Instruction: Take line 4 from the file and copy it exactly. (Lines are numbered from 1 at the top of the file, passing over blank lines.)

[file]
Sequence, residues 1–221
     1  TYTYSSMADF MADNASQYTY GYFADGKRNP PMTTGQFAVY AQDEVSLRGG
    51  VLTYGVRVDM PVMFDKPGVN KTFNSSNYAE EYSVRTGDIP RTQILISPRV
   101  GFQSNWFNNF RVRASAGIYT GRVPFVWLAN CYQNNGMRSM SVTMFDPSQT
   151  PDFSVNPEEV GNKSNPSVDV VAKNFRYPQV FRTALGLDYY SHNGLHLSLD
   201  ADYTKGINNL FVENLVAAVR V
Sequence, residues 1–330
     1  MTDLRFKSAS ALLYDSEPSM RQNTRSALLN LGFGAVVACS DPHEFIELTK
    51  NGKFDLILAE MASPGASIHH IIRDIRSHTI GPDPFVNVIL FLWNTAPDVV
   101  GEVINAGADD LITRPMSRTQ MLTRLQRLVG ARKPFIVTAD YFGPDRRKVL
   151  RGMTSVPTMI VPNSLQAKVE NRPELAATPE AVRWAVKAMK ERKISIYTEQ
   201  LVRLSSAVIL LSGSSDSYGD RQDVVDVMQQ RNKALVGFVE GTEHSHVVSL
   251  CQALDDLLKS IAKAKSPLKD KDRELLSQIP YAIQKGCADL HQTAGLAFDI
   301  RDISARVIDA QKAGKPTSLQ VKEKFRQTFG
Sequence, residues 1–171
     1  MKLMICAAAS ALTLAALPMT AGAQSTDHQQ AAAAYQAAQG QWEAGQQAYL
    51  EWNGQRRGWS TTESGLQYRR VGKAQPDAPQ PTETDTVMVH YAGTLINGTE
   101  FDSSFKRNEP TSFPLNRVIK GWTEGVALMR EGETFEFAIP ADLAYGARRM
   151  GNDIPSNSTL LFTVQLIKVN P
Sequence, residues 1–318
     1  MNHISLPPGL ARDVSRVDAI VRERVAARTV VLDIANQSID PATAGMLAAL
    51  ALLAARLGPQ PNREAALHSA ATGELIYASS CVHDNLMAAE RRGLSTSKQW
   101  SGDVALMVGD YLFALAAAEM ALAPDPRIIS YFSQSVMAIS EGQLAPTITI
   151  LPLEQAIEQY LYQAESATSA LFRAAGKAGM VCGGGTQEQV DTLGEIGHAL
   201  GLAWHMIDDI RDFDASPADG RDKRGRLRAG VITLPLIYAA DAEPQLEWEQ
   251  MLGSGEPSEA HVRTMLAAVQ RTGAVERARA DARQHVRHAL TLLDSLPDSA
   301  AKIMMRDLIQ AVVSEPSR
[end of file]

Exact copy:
   101  GFQSNWFNNF RVRASAGIYT GRVPFVWLAN CYQNNGMRSM SVTMFDPSQT